21. Why are Wetlands Diminishing? • Drained or Filled • Agriculture/residential development/industrial development/oil and gas exploitation • Lowering of water table • Polluted • wetlands are in low-lying areas • Natural causes

  22. Local Watersheds http://www.sbck.org/pdf/GSTReport-Background.pdf

  23. Goleta Slough

  24. Goleta Slough: Endangered Species + Globally Important Bird Area Red-legged Frog CA least tern Tidewater Goby American peregrine falcon

  25. Diminishing Wetlands

  26. Salt MarshLake: Santa Barbara Bird RefugePenfield & Smith Engineers, Inc.. 1985. Limnological investigation of euthrophication at the Andree Clark Bird Refuge and recommendation for mitigating actions.~135 pp. “Mother Nature at work,” ? http://www.virtualtourist.com

  27. Other Local Wetland Projects: • Vernal Pools • Carpinteria Salt Marsh • Ormond Wetland

  28. Changing Perceptions of Wetlands Bioswales: mimic wetland processes http://www.countyofsb.org/project_cleanwater/Web_Images/South_Turnpike_BMP_Xsection.jpg

  29. Wetland Value and Natural Disaster Cypress trees mitigate impacts of Hurricane Katrina Mangroves lessen tsunami impacts

  30. Wetlands and Aquaculture: Conversion of Mangroves to Shrimp Farms Mangrove forests once covered 3/4 of the coastlines of tropical and subtropical countries. Today, less than 50% remain. Many factors contribute to mangrove forest loss, including the charcoal and timber industries, urban growth pressures, and mounting pollution problems. However, one of the most significant causes of mangrove forest destruction in the past decade has been the consumer demand for luxury shrimp The Rise and Fall of the Blue Revolution: Article by Alfredo Quarto published in the East Africa Wildlife Society's magazine SWARA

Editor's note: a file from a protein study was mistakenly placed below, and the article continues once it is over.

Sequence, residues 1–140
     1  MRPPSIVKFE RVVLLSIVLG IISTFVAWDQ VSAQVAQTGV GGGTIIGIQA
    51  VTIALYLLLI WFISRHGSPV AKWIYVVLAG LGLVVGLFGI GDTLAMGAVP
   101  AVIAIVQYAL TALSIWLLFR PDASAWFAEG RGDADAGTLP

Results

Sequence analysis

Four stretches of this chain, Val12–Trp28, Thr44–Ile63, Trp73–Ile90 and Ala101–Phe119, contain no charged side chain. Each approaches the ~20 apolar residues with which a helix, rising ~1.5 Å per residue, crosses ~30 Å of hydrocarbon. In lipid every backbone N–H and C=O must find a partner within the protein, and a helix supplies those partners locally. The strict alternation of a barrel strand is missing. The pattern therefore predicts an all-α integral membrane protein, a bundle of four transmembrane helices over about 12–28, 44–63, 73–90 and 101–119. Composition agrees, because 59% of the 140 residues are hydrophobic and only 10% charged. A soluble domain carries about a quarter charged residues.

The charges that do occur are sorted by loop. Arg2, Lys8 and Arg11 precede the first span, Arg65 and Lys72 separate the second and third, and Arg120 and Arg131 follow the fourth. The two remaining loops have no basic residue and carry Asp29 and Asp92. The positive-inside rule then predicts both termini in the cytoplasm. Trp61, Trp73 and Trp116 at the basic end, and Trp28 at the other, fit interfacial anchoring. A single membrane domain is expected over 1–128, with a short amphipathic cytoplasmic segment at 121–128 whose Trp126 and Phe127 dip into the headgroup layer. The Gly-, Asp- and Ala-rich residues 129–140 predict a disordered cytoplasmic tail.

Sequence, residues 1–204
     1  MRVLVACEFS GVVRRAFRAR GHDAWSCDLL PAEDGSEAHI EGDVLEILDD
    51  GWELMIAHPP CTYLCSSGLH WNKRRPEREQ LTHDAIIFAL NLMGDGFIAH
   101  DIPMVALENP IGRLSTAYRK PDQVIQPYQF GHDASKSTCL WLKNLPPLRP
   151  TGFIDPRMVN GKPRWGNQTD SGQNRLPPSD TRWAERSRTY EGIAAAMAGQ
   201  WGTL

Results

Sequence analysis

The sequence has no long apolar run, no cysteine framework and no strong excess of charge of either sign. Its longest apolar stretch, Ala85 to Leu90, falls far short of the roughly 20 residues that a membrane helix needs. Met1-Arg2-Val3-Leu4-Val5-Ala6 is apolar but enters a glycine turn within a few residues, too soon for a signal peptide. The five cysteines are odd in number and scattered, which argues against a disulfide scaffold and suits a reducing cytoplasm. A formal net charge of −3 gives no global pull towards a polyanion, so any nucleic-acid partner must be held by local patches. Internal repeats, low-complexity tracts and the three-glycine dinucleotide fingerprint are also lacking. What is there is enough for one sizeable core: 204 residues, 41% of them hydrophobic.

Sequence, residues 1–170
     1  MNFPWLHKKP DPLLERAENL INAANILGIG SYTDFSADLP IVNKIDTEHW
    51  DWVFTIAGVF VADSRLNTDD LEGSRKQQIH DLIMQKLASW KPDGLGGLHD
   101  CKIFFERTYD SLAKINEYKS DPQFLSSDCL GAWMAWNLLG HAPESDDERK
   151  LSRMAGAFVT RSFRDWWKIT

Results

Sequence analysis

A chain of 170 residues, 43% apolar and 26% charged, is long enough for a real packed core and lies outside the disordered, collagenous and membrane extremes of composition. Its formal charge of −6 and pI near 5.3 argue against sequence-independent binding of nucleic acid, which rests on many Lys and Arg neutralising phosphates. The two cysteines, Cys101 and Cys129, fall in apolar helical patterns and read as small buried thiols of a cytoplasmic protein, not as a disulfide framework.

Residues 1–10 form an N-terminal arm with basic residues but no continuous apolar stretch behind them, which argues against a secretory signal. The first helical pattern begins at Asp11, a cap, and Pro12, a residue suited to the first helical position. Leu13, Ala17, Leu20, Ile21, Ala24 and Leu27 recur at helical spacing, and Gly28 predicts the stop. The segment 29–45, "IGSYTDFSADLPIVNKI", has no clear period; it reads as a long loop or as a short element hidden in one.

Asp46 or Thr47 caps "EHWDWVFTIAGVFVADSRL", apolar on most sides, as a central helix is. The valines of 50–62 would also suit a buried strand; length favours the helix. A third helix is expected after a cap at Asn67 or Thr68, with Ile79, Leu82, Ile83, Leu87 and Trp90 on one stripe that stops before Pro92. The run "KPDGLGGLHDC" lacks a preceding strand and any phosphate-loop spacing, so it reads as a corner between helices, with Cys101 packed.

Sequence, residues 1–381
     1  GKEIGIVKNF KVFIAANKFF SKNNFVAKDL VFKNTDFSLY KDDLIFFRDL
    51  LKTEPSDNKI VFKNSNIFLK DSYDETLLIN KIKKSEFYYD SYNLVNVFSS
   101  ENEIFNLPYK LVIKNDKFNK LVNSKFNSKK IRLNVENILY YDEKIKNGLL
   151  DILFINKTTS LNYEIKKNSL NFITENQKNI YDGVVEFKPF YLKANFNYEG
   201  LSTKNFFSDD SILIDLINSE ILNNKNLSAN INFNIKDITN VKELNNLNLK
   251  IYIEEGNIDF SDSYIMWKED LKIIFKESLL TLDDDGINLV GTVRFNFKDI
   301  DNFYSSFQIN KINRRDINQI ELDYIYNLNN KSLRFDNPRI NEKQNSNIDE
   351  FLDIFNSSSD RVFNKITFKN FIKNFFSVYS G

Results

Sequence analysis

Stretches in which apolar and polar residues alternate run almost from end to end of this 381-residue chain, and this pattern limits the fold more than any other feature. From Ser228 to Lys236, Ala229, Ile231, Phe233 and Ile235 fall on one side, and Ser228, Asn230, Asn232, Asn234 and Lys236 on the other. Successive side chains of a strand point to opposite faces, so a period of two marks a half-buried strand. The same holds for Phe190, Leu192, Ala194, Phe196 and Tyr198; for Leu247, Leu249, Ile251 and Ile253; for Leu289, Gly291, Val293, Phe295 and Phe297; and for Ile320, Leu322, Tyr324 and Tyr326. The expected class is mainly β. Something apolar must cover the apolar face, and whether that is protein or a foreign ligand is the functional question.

31. AQUACULTURE: The Blue Revolution?

  32. Aquaculture • Status: fastest growing food production industry in the world (1/3 of all fishery landings)

  33. Aquaculture: Fish Farms • Energy flow perspective • Fish vs. Cows • Salmon vs. carp vs. filter feeders • Farmed salmon vs. wild salmon

  34. Sustainable Aquaculture?

  35. Sustainable Aquaculture?

  36. Aquaculture: Risks • Impact on wild fish populations • Feed for farmed fish • ‘Seed’ for farmed fish • Fish escapes- invasive species • Algal blooms • Oxygen depletion • Downstream impacts • Disease • (Wet)land conversion

  37. Aquaculture: Integrated Systems Approach

  38. Aquaculture: Integrated Systems Approach BENEFITS: • Waste = food • Whole is greater than sum of parts COSTS/RISKS: • Pesticide use • Labor intensive • Limit to fish density

  39. What Can You Do? • Vote with your dollars! • Get involved! • Educate others!

  40. Summary • Wetland: definition • Types • Biogeochemistry (just know the basics!) • Ecosystem Services (filtration, C storage, flood control, habitat, food, tourism, etc) • Human causes of wetland loss • Ecosystem Value… depends on perspective. • Local Wetlands • Aquaculture • Types • Potential impacts: wetland loss, impact on marine fisheries • Energy flow perspective • Risks • Integrated systems approach